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The NYPD, a police force with a history of illegal surveillance, now has a fleet of drones

What could go wrong?

(Photo by Drew Angerer/Getty Images)
(Photo by Drew Angerer/Getty Images)

The New York City Police Department announced Tuesday that it will deploy a fleet containing fourteen drones.

The drones, as a part of the Technical Assistance Response Unit, will be used during search rescue operations, monitoring traffic and pedestrians during events that draw crowds, for HAZMAT incidents, in hostage situations, and “other emergency situations.” The fleet cost about $480,000 according to the New York Times.

“Drone technology will give our cops and their incident commanders an opportunity to see what they’re getting into before they go into harm’s way. For this reason alone, it would be negligent for us not to use this technology,” Chief of Department Terence A. Monahan said at a press conference.

Twenty-nine officers will be trained to operate the unmanned aerial vehicles, which the force swore in a statement will be used in good faith.

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“Let me be clear: N.Y.P.D. drones will not be used for warrantless surveillance,” said Monahan. The department also stressed that the drones will not be used with or as a weapon.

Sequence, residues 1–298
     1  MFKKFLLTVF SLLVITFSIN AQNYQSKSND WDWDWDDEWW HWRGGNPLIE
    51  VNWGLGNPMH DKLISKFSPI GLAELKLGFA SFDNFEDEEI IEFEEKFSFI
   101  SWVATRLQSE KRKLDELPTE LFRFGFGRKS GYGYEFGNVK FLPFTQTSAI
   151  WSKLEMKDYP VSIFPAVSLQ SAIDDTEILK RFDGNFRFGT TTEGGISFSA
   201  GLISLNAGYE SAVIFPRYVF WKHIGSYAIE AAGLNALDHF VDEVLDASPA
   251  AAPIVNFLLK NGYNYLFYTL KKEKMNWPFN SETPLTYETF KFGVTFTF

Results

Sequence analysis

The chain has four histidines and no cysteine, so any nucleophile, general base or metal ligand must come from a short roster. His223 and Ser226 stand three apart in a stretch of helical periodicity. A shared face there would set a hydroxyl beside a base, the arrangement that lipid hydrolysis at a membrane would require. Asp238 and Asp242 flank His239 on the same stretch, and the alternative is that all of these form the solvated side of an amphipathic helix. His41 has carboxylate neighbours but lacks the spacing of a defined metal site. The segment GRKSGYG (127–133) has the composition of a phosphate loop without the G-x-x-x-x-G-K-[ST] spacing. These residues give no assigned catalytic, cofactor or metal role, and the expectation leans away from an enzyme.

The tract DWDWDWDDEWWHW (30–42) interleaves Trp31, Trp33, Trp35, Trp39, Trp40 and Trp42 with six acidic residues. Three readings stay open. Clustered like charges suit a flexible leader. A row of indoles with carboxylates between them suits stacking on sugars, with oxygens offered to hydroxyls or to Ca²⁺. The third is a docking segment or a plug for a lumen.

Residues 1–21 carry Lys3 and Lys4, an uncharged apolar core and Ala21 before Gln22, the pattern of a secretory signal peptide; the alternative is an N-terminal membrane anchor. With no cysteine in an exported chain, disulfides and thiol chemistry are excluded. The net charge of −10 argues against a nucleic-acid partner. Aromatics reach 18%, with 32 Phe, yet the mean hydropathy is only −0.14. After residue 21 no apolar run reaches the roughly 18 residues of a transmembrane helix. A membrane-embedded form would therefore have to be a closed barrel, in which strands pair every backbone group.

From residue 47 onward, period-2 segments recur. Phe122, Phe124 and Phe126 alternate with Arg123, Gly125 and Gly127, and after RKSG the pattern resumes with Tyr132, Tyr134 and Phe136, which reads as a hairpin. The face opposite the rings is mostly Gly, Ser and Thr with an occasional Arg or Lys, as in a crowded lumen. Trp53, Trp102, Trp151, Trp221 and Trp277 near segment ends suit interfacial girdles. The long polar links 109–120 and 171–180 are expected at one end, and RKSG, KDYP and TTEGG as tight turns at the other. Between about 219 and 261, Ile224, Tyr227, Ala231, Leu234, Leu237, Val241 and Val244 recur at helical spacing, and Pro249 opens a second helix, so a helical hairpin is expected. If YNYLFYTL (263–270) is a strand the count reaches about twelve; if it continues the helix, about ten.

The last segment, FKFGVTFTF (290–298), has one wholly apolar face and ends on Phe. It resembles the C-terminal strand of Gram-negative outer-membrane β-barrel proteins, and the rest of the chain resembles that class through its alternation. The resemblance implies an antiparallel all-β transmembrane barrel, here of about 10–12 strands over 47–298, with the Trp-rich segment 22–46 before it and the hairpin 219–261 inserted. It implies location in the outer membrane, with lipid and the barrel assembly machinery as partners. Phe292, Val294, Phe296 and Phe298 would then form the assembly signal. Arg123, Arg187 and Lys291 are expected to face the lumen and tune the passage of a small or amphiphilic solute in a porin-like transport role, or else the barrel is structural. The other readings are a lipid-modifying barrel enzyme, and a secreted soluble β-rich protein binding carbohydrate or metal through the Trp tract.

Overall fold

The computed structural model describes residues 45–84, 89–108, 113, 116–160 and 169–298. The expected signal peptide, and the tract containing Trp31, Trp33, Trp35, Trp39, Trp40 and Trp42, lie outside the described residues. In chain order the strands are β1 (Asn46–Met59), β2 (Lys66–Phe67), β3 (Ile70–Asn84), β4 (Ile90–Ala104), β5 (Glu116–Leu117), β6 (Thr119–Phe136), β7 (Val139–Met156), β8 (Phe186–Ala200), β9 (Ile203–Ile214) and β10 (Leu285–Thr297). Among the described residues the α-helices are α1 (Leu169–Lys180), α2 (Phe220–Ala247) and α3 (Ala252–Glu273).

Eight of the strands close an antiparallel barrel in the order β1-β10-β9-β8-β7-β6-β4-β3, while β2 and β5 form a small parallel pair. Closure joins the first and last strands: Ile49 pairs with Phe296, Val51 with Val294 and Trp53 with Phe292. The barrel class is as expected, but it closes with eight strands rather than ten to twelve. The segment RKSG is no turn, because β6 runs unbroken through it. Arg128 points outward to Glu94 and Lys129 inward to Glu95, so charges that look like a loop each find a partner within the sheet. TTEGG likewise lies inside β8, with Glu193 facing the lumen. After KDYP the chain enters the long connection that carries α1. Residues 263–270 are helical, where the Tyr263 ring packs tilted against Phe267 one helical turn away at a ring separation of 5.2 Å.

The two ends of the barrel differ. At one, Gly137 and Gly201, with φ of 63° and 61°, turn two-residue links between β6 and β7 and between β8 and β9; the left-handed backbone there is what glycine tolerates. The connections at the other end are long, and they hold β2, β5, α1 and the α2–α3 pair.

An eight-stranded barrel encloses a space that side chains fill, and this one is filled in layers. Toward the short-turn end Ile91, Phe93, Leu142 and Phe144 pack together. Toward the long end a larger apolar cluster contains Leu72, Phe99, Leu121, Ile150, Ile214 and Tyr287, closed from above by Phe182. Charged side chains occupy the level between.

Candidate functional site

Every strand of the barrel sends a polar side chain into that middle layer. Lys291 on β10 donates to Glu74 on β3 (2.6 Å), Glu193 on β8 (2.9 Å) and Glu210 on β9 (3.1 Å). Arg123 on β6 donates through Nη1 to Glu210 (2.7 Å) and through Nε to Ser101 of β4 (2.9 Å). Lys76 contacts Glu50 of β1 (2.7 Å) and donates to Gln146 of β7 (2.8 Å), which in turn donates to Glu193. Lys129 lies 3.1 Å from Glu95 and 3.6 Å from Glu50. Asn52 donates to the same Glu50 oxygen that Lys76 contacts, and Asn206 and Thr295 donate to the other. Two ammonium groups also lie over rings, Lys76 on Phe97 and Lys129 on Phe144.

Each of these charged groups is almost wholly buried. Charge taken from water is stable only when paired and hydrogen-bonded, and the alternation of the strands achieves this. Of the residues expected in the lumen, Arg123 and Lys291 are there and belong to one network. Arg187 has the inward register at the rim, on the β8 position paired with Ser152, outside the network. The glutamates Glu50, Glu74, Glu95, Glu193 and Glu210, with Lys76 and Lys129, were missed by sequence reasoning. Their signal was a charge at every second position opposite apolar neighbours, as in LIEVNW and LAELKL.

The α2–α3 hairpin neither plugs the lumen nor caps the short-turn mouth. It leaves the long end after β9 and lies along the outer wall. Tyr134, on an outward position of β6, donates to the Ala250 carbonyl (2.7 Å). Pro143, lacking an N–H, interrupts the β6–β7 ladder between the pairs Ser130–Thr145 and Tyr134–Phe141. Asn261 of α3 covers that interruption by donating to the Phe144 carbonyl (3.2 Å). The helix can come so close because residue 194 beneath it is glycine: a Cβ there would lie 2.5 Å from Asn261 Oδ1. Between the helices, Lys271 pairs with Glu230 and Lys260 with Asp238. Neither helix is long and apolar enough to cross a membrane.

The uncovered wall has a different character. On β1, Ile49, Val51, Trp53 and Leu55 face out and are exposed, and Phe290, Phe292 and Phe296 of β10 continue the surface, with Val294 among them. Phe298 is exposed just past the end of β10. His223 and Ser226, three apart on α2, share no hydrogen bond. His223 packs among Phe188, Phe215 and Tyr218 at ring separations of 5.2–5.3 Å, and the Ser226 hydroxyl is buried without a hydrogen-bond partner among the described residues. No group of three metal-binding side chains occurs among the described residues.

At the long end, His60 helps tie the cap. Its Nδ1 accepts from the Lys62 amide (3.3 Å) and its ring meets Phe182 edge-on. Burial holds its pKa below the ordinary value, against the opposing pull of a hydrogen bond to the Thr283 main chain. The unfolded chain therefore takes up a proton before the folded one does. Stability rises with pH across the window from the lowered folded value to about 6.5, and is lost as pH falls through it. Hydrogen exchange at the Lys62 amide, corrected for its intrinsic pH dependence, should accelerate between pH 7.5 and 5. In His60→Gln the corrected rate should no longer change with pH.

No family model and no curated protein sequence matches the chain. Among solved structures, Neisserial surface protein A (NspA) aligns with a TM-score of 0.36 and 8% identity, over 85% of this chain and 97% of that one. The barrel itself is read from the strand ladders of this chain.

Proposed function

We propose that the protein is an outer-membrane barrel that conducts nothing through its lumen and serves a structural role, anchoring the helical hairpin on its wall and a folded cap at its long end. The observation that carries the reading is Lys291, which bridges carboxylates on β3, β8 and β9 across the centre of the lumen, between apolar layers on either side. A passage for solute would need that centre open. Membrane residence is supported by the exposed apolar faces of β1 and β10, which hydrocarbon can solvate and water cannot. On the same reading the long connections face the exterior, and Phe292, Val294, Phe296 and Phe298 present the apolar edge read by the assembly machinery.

Law-enforcement agencies across the country have been deploying drones, much to the chagrin of their law-abiding citizens. The main concerns are about privacy and fair use of the drones.

The NYPD has a history of coming under fire for illegally surveilling citizens.

Back in 2013 the NYPD came under fire after it was revealed that they had been labeling mosques as terrorism organizations — which allowed the force to spy on imams, use informants, and record sermon all without an initial event or reason warranting the concern.

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In 2017, The Verge reported that between 2011 and 2016 the police also sent camera teams to record “hundreds of Black Lives Matter and Occupy Wall Street protests.” The NYPD told the publication that it was unable to locate any legal reviews or authorizations for the surveillance, as is required under the department’s own guidelines.

After seeing an early draft of the department’s drone plan the New York Civil Liberties Union (NYCLU) expressed serious concern. “The NYPD did make some changes, but we continue to believe the NYPD’s drone program poses a serious threat to New Yorkers’ privacy,” the organization said in a statement on Tuesday.

“The NYPD’s drone policy places no meaningful restrictions on police deployment of drones in New York City and opens the door to the police department building a permanent archive of drone footage of political activity and intimate private behavior visible only from the sky,” the NYCLU’s statement went on to conclude.